An Open Letter to the Presbyterian Church

The Israel Palestine Mission Network (IPMN) and their allies have once again mounted initiatives that advance an extremist posture with respect to the Palestinian-Israeli impasse. Their agenda threatens to polarize our community, betray relationships with our Jewish colleagues, and ultimately undermine our credibility as “peacemakers.” 

Written by the Reverend Chris Leighton. (February 6, 2014)
Dr. Leighton is the Executive Director of the Institute for Christian & Jewish Studies and an ordained Presbyterian minister.


In preparation for the 221st meeting of the General Assembly in Detroit this June, the Presbyterian Church finds itself traveling down a familiar path. The Israel Palestine Mission Network (IPMN)and their allies have once again mounted initiatives that advance an extremist posture with respect to the Palestinian-Israeli impasse. Their agenda threatens to polarize our community, betray relationships with our Jewish colleagues, and ultimately undermine our credibility as “peacemakers.” Despite the resolution approved at the 218th General Assembly “to avoid taking broad stands that simplify a very complex situation into a caricature of reality where one side clearly is at fault and the other side is clearly a victim,” IPMN’s congregational study guide, “Zionism Unsettled,” subverts the ideals and the practices that our Church has striven to uphold. It turns us from peacemakers to polemicists, and from honest dialogue partners to partisan ideologues.

In years past, IPMN and its supporters have sponsored vigorous efforts to enact divestment policies. With each defeat, the champions of Boycotts, Divestment, Sanctions (BDS) have become more strident and less willing to consider the larger picture. Their current strategy, this study guide, is not simply a critique of Israeli and American policies. It is a dishonest screed that attributes the plight of the Palestinians to a single cause: Zionism.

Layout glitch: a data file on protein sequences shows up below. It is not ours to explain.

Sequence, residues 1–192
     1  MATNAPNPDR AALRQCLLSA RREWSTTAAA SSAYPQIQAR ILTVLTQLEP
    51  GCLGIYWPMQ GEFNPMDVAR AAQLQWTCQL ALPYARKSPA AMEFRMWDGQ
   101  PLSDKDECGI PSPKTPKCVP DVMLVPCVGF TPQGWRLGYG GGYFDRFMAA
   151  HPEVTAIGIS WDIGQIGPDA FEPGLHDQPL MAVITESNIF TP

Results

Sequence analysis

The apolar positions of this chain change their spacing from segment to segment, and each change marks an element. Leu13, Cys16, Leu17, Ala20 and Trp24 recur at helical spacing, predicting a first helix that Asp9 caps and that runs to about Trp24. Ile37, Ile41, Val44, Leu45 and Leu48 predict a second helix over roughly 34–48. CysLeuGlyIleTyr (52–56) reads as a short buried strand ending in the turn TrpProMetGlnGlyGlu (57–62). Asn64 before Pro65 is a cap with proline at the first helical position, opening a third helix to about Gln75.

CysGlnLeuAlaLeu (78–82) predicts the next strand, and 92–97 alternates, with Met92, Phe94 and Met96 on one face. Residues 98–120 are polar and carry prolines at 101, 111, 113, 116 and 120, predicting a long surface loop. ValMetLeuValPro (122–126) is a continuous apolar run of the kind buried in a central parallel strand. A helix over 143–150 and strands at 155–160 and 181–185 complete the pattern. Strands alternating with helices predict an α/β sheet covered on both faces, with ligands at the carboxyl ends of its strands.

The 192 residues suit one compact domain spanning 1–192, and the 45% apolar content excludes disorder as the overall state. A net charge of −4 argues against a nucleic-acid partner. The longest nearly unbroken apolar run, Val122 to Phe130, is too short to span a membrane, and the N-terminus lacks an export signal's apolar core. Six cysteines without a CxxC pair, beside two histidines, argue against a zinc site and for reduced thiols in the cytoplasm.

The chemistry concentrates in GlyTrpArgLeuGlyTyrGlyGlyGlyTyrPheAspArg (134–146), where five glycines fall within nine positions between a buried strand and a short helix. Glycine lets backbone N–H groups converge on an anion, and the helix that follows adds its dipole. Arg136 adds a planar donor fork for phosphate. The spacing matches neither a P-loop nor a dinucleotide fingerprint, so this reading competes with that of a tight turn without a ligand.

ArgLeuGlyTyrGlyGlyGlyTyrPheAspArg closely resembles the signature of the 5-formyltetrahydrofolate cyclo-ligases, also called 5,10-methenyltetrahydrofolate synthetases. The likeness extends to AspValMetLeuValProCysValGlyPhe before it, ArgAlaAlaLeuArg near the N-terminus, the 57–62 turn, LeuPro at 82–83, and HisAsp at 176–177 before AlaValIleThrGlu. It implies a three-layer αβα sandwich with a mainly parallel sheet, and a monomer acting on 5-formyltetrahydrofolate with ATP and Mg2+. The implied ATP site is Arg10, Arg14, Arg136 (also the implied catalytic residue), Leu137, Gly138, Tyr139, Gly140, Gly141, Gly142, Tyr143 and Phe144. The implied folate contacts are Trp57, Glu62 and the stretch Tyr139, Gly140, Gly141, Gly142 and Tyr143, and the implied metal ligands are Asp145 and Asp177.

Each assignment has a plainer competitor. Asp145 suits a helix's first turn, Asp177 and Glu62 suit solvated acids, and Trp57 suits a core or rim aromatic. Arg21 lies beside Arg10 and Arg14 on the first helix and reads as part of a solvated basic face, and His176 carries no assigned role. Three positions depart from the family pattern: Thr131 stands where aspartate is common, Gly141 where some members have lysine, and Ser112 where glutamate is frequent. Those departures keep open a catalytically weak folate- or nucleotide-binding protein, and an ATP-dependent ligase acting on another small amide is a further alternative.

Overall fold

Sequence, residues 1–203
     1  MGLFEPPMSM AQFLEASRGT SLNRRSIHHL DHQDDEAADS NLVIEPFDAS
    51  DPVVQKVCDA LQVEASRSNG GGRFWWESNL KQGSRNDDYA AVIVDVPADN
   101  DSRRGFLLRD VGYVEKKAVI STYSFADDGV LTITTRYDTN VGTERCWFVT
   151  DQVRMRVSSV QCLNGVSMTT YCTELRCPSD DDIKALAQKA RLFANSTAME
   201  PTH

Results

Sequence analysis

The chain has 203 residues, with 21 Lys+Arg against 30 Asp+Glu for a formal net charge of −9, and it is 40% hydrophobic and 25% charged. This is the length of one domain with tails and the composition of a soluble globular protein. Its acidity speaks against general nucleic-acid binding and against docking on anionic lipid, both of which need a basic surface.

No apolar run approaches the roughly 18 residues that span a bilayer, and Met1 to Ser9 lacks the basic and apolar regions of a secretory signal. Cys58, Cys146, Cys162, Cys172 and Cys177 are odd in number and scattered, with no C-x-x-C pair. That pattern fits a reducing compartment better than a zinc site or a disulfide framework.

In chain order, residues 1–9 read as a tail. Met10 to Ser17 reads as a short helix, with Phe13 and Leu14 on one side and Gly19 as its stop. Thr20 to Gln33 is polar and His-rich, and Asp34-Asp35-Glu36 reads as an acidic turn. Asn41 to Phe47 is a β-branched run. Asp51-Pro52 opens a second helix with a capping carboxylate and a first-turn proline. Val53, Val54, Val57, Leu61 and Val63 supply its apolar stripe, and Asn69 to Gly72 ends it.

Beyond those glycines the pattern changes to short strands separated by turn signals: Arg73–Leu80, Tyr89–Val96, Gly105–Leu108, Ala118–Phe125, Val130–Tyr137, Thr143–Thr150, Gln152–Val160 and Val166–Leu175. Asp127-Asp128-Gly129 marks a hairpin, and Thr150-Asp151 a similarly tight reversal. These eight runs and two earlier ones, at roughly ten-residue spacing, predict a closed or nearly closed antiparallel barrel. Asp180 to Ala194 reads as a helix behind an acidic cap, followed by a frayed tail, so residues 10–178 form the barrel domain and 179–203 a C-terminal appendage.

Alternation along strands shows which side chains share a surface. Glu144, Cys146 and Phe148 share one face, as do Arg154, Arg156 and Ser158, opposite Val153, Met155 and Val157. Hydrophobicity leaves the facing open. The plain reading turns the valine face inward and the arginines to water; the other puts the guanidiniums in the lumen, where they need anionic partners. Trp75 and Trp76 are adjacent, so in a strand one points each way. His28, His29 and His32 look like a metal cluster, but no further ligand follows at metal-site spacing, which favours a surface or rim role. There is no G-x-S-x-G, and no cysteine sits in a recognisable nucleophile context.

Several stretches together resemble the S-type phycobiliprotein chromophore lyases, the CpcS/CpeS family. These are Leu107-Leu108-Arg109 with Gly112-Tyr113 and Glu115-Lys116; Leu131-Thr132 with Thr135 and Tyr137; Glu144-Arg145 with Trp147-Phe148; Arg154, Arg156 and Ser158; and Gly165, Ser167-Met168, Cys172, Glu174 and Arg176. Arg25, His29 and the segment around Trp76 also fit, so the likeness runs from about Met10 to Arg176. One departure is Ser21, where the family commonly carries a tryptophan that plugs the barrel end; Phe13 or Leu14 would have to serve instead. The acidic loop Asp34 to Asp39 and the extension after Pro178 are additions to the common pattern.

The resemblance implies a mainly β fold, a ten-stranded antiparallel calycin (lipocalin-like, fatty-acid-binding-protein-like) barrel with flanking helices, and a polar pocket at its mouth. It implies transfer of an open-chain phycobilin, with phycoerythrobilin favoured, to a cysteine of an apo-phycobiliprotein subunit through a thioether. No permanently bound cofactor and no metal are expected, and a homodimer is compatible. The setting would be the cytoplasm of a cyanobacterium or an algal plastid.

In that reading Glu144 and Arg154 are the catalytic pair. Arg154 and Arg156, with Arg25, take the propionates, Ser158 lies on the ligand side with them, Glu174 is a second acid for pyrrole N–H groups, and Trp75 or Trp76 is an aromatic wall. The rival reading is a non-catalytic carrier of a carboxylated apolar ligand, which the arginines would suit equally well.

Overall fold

In his summation of the congregational study guide, Palestinian priest Naim Ateek contends, “Zionism is the problem” (p. 56). Ateek insists, “Zionism is false theology … a heretical doctrine that fosters both political and theological injustice … (a doctrine) that promotes death rather than life” (p. 57). Throughout , the study guide characterizes Zionism as a source of “evil”; it insists “the major American Jewish organizations bear considerable responsibility” for a “pathology” that leads to “self-inflicted blindness” (p. 23). It portrays Zionism as inexorably leading to “ethnic cleansing” and “cultural genocide” (p. 53). The condemnation of Zionism, in all its forms, is not merely simplistic and misleading; the result of this polemic is the theological delegitimization of a central concern of the Jewish people.

The study guide revives the infamous 1975 UN Resolution 3379 that branded Zionism as racism. Although the United States played a vital role in exposing the anti-Semitic underpinnings of this resolution and for sixteen years worked valiantly and, ultimately, successfully to rescind this smear campaign, the Presbyterian Church is poised to resuscitate this vicious platform.

Even a cursory study of history reveals the varied and complex forms that Zionism has taken over the centuries. The yearning for their national homeland has been woven into the Jewish community’s daily life for millennia. The Torah (Deuteronomy) and the Tanakh (2 Chronicles) both end with images of yearning to return to the land; synagogues face Jerusalem; the Passover seder celebrated annually concludes with the prayer, “Next year in Jerusalem.” To suggest that the Jewish yearning for their own homeland—a yearning that we Presbyterians have supported for numerous other nations—is somehow theologically and morally abhorrent is to deny Jews their own identity as a people. The word for that is “anti-Semitism,” and that is, along with racism, sexism, homophobia, and all the other ills our Church condemns, a sin.

The study guide correctly notes that there are secular Zionists and religious Zionists. There are Zionists who are militant and support the annexation of lands conquered in 1967. There are also Zionists who are sharp critics of Israel’s settlement policies, who are staunch supporters of a Palestinian State, and who struggle in solidarity with Palestinian activists. Not only are Vladimir Jabotinsky and Meir Kahane Zionists, but so are Abraham Joshua Heschel, Peter Beinhart, and Ari Shavit; so are the supporters of Americans for Peace Now, J Street, and a number of other Jewish organizations with which we might work together. A sweeping indictment of Zionism amounts to blanket condemnation of the vast majority of Jews; it prevents collaborative work between our Church and Jewish peace groups, and it renders us bigots.